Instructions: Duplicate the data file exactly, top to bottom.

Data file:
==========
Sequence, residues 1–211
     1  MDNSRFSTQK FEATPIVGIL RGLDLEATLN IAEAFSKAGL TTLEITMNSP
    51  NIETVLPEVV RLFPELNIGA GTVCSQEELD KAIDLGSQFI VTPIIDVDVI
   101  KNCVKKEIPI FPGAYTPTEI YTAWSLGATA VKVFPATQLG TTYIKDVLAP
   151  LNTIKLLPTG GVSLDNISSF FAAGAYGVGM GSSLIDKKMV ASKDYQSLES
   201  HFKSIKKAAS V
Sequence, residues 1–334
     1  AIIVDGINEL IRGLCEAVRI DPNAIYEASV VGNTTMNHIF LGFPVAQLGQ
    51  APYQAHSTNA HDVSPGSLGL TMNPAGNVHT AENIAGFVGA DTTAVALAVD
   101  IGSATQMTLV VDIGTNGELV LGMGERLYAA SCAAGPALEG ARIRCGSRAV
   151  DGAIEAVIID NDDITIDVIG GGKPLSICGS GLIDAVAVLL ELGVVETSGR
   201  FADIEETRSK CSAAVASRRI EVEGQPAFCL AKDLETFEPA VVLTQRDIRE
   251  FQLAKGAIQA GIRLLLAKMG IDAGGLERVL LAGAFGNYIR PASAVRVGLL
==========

Sequence, residues 1–211
     1  MDNSRFSTQK FEATPIVGIL RGLDLEATLN IAEAFSKAGL TTLEITMNSP
    51  NIETVLPEVV RLFPELNIGA GTVCSQEELD KAIDLGSQFI VTPIIDVDVI
   101  KNCVKKEIPI FPGAYTPTEI YTAWSLGATA VKVFPATQLG TTYIKDVLAP
   151  LNTIKLLPTG GVSLDNISSF FAAGAYGVGM GSSLIDKKMV ASKDYQSLES
   201  HFKSIKKAAS V
Sequence, residues 1–334
     1  AIIVDGINEL IRGLCEAVRI DPNAIYEASV VGNTTMNHIF LGFPVAQLGQ
    51  APYQAHSTNA HDVSPGSLGL TMNPAGNVHT AENIAGFVGA DTTAVALAVD
   101  IGSATQMTLV VDIGTNGELV LGMGERLYAA SCAAGPALEG ARIRCGSRAV
   151  DGAIEAVIID NDDITIDVIG GGKPLSICGS GLIDAVAVLL ELGVVETSGR
   201  FADIEETRSK CSAAVASRRI EVEGQPAFCL AKDLETFEPA VVLTQRDIRE
   251  FQLAKGAIQA GIRLLLAKMG IDAGGLERVL LAGAFGNYIR PASAVRVGLL